Why We Can't Trust Them
David Walker responds to William Greider's piece about the Peterson Foundation's assault on the safety net. It's not particularly illuminating except to confirm my worst fears.
David Walker is offended but, if you read his letter closely, he more or less confirms what I wrote about the establishment's assault on Social Security and other entitlement programs.
I said they want to loot Social Security. He says it's already been looted. I said they are trying to evade the regular processes of representative democracy. He says Congress is "broken" and so cannot be trusted to make sound decisions in a timely manner.
Do they want to whack benefits for Social Security recipients, as I claimed, or don't they? Walker declines to answer the question. Readers may decide for themselves whom to believe.
I don't ever believe these fiscal responsibility scolds, particularly those who work for Pete Peterson who has made it his life's work for the past thirty years to put an end to social security. It's the holy grail of conservatism and there is always some Loserman Democrat around to give it a bipartisan sheen.
Here's a piece of a post I wrote back in 2004, during their last attempt at "reforming" the system. They've been making almost exactly the same dire predictions for nearly half a century:
My grandfather used to believe that back in the 60's and it's still true today. He believed it because people like Ronald Reagan were saying back then that social security was a bad deal:
But we're against those entrusted with this program when they practice deception regarding its fiscal shortcomings, when they charge that any criticism of the program means that we want to end payments to those people who depend on them for a livelihood. They've called it "insurance" to us in a hundred million pieces of literature. But then they appeared before the Supreme Court and they testified it was a welfare program. They only use the term "insurance" to sell it to the people. And they said Social Security dues are a tax for the general use of the government, and the government has used that tax. There is no fund, because Robert Byers, the actuarial head, appeared before a congressional committee and admitted that Social Security as of this moment is 298 billion dollars in the hole. But he said there should be no cause for worry because as long as they have the power to tax, they could always take away from the people whatever they needed to bail them out of trouble. And they're doing just that.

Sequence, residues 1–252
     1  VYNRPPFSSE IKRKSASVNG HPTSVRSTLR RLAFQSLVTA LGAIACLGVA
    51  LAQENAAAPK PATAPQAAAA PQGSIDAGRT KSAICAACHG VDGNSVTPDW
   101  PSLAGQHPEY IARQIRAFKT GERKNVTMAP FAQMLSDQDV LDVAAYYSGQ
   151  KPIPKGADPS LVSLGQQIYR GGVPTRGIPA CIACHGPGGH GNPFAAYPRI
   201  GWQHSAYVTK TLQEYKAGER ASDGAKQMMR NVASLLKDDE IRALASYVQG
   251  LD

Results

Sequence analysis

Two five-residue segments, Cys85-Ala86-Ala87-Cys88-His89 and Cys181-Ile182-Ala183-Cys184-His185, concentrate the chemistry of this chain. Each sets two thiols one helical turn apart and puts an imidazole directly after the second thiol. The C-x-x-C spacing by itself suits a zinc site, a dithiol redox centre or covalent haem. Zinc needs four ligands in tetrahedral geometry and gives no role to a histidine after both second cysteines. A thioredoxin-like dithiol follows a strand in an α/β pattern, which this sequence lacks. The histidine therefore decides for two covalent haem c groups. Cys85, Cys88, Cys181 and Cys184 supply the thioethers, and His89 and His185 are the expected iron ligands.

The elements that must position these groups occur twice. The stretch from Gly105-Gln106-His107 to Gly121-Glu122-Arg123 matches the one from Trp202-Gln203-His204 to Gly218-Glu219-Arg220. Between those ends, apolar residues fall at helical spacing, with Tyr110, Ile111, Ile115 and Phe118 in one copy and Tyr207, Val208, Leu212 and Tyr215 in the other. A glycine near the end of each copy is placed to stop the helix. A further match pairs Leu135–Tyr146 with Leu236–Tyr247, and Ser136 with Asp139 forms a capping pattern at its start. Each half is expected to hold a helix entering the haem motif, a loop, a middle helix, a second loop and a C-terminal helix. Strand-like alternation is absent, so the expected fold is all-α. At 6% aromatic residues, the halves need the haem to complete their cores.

A young man, 21 years of age, working at an average salary -- his Social Security contribution would, in the open market, buy him an insurance policy that would guarantee 220 dollars a month at age 65. The government promises 127. He could live it up until he's 31 and then take out a policy that would pay more than Social Security. Now are we so lacking in business sense that we can't put this program on a sound basis, so that people who do require those payments will find they can get them when they're due -- that the cupboard isn't bare?
That was forty years ago. Later, in the 1980's, Ronald Reagan's indiscreet budget director David Stockman admitted that the purpose of ginning up the social security crisis was "to permit the politicians to make it look like they are doing something for the beneficiary population when they are doing something to it, which they normally would not have the courage to undertake."[that's from Grieder's seminal article "The Education of David Stockman", btw. --- ed] And then with masterful chutzpah, considering his famous "Choice" speech from 1964, excerpted above, Ronnie then went on to use the so-called "looming" SS crisis to great effect --- he flogged the GOP contention that the program was insolvent (as they'd been doing for fifty years) and also raised the payroll taxes which they immediately raided to cover their budget deficit. And now, lo and behold, we are "in crisis" again. Imagine that. Brilliant.
This keeps coming back mainly because Democratic politiciansin explicably keep using it as a yardstick of "fiscal responsibility." It's actually the opposite.
Any Grand Bargain that includes negotiating with conservatives on social security must be off the table. They want to destroy it. They always have.